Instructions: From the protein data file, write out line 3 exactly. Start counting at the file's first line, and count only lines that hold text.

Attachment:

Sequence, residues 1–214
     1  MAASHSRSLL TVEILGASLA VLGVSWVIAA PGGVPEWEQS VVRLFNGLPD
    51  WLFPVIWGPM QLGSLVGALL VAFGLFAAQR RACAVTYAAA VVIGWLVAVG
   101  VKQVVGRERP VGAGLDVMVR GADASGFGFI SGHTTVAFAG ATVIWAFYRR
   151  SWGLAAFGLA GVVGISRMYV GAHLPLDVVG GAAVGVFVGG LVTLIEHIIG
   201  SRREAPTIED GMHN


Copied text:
    51  WLFPVIWGPM QLGSLVGALL VAFGLFAAQR RACAVTYAAA VVIGWLVAVG